4. What effect will this have on revenue, net income and gross profit?
*Note: You can also use other measurements such as EBIT, EBITDA, Earnings per share, and much more.

The best way to figure out where a company is going is to look at its history. For an example: lets say company X took on more debt to expand their operations. Company X took the money they received and purchased a new operating facility. They have now increased their operating capacity. All other things being equal what an intelligent investor must do is figure out how much this will increase their expenses against how much their revenue will increase, and ultimately determine the effect on the bottom line. This is no easy task, but by looking at their expenses prior to purchasing a new facility one can reasonably predict what additional expenses the company will incur. In addition to this, lets say the company has stated with their new operating facility they will be able to produce 2.5 times more widgets than they originally could produce operating out of only one facility.

For the sake of this example lets say the company has previously shown the ability to generate revenue. They had solid net income and operating income and now they can produce 2.5 times the number of units while only increasing their operating expenses by 75%. Of course these are fictitious numbers, but if you add everything up you could begin to see their is some potential here for an investment. At this point it would be wise to consider the opportunity cost of investing in this company. Opportunity cost is the cost incurred by the investor by not enjoying the benefit by the next best alternative investment. For instance say you want to choose an investment in a stock over a bond. Assuming the bond is risk free and pays 3.0% per annum, the opportunity cost of buying the stock over the bond would be not gaining the stable 3.0% per year on their investment.

This is just one example of why a company has a high amount of debt in comparison to its assets. There could be many other reasons and it’s important to carefully consider each. For instance, if we go back to 2008 when the market was in free fall; companies like AIG and General Motors had huge sums of debt. With an inability to pay this debt without government assistance and a great deal of restructuring their business models these companies would have bankrupt. In situations like this an investor must be extremely cautious when considering an investment. A company that is having trouble covering their short term liabilities could be in serious trouble.

Companies with Low Revenue

buying penny stocks with low revenue

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An investor must be very careful when they are looking to buy companies that are having trouble generating revenue. While there may be many reasons why a company is having trouble generating revenue most of the time it raises a large red flag. If the company needs to raise funding to expand and generate revenue through sheer volume there may be a potential investment opportunity at a very cheap price. However, I am always very wary of companies that are having trouble producing revenue because it usually suggests a flawed business model or a lack of demand for their products or services.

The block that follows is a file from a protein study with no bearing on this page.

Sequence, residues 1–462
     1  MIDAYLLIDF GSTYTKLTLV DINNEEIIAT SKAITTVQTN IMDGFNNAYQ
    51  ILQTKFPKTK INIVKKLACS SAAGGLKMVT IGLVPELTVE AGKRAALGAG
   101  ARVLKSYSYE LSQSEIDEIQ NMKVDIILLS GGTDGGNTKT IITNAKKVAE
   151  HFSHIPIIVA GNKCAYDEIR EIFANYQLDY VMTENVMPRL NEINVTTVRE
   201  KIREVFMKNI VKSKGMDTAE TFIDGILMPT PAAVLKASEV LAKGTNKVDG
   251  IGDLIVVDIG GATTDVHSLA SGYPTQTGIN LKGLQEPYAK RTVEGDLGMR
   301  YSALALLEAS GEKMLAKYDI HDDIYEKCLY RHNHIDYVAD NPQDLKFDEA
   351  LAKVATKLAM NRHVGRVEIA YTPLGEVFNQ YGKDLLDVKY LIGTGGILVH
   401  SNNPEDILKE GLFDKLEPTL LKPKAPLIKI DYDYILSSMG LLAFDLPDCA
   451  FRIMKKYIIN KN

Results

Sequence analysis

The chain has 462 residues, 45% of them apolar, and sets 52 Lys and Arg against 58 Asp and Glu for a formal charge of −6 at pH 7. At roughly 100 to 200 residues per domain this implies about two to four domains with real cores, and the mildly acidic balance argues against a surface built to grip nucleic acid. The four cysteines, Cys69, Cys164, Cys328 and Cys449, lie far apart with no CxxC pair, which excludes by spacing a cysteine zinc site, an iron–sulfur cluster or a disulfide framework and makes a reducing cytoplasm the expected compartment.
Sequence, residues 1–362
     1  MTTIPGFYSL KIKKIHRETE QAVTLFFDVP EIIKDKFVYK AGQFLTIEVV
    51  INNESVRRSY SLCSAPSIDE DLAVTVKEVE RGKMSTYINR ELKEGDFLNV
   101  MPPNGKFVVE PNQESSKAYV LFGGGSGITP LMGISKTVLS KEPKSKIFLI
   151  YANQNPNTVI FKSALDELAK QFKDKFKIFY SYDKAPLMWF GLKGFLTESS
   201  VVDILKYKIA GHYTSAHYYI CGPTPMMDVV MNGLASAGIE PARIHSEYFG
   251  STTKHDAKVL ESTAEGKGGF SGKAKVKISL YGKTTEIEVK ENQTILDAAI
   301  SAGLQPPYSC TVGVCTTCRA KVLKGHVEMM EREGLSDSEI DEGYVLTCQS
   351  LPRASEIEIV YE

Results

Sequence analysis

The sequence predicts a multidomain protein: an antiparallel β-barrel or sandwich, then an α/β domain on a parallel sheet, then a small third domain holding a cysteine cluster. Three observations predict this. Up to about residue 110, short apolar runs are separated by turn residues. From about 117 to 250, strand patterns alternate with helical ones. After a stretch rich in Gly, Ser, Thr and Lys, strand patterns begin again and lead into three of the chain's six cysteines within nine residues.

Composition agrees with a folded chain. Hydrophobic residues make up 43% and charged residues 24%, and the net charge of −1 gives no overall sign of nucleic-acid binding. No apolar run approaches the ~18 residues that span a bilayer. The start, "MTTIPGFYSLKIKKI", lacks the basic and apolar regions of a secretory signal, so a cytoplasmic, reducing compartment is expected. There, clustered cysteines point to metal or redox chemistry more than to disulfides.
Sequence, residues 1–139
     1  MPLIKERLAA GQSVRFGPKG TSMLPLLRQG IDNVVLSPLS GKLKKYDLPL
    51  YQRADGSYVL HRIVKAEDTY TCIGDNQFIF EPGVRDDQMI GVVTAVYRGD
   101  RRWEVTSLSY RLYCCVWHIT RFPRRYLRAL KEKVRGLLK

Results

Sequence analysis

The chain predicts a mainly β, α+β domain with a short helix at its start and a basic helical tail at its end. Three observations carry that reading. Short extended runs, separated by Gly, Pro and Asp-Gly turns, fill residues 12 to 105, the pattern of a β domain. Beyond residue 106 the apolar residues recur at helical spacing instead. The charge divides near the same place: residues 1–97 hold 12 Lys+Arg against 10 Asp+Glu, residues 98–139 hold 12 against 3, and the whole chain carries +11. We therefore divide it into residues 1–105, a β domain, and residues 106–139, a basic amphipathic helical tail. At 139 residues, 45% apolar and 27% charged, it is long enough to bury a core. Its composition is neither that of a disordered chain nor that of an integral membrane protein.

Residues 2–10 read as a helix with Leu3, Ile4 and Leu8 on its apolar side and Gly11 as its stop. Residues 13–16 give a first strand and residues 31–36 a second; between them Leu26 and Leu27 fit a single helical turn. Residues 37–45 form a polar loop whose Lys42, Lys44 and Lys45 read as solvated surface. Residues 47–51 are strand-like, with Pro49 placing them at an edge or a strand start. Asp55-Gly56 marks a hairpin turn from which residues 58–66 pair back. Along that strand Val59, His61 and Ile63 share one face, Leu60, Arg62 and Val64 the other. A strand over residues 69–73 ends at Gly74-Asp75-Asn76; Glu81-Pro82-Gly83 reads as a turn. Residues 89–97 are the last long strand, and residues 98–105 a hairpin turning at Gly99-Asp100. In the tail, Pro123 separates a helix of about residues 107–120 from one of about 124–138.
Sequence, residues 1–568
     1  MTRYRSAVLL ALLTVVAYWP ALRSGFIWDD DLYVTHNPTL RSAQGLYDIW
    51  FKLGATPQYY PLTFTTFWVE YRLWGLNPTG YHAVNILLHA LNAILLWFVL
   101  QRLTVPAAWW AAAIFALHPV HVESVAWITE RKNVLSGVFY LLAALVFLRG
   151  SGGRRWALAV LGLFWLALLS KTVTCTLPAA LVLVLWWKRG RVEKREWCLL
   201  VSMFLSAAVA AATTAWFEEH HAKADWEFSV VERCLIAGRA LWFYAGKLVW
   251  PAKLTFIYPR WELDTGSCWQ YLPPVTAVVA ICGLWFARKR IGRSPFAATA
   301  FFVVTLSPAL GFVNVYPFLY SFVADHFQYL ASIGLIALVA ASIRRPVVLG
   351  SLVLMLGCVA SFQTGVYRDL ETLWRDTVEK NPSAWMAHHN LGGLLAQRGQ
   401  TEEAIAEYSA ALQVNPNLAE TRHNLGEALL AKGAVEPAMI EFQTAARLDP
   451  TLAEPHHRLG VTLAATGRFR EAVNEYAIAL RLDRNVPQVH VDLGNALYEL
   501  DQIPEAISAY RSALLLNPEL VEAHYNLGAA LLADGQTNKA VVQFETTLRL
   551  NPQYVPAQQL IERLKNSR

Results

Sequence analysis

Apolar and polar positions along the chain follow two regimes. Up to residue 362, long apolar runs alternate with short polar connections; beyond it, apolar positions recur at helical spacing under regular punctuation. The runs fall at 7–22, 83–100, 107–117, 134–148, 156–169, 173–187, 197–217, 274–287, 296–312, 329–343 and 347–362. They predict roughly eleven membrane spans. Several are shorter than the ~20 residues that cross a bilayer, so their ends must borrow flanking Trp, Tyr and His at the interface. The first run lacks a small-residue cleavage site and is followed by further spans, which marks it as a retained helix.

In the situation above, I take a step back to look at the company from the outside in and figure out exactly what the reason is. Penny Stocks that are on Pink Sheets do not have the same listing requirements as ones on major indexes so it may be difficult to come across the information you need. In this case I also like to stay away because in my opinion when I spend my hard earned money I’d like to know exactly what I’m buying.

Inability To Generate Profit

When a company is generating revenue and not generating profit a penny stock investor must understand the underlying reasons. It could be due to a one-time expense or lingering lawsuit or even a write-off of inventory. I know I keep saying this, but understanding what the company is facing is so important when buying penny stocks. Take a look at the company’s financials and see what’s happening and why they can’t generate profit. If you aren’t familiar with balance sheets, income statements and statements of cash flows it’s a great idea to take a crash course to understand what all the numbers mean, and how they effect the company’s performance. A great place to look for information is a company’s 10k. This is a yearly report where a company will break down everything they did or didn’t achieve for the past year. There is a lot you can learn within these documents including what the company’s plans are, as well as what portions of their business were profitable and what weren’t.